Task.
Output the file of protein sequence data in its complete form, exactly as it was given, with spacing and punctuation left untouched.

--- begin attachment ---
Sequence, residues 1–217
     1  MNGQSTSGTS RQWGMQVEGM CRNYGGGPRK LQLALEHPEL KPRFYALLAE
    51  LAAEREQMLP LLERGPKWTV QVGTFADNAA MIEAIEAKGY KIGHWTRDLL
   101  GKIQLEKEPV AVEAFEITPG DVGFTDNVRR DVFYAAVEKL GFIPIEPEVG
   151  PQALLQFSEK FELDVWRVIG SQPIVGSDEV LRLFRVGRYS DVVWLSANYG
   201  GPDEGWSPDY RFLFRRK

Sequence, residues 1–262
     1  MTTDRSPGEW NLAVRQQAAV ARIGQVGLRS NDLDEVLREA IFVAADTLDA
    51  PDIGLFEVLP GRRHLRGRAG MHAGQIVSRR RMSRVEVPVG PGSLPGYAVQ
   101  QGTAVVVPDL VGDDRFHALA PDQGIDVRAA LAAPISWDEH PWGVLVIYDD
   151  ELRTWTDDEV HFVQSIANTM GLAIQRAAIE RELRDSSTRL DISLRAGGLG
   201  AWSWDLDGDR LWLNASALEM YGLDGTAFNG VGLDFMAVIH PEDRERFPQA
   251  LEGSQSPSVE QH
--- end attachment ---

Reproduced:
Sequence, residues 1–217
     1  MNGQSTSGTS RQWGMQVEGM CRNYGGGPRK LQLALEHPEL KPRFYALLAE
    51  LAAEREQMLP LLERGPKWTV QVGTFADNAA MIEAIEAKGY KIGHWTRDLL
   101  GKIQLEKEPV AVEAFEITPG DVGFTDNVRR DVFYAAVEKL GFIPIEPEVG
   151  PQALLQFSEK FELDVWRVIG SQPIVGSDEV LRLFRVGRYS DVVWLSANYG
   201  GPDEGWSPDY RFLFRRK

Sequence, residues 1–262
     1  MTTDRSPGEW NLAVRQQAAV ARIGQVGLRS NDLDEVLREA IFVAADTLDA
    51  PDIGLFEVLP GRRHLRGRAG MHAGQIVSRR RMSRVEVPVG PGSLPGYAVQ
   101  QGTAVVVPDL VGDDRFHALA PDQGIDVRAA LAAPISWDEH PWGVLVIYDD
   151  ELRTWTDDEV HFVQSIANTM GLAIQRAAIE RELRDSSTRL DISLRAGGLG
   201  AWSWDLDGDR LWLNASALEM YGLDGTAFNG VGLDFMAVIH PEDRERFPQA
   251  LEGSQSPSVE QH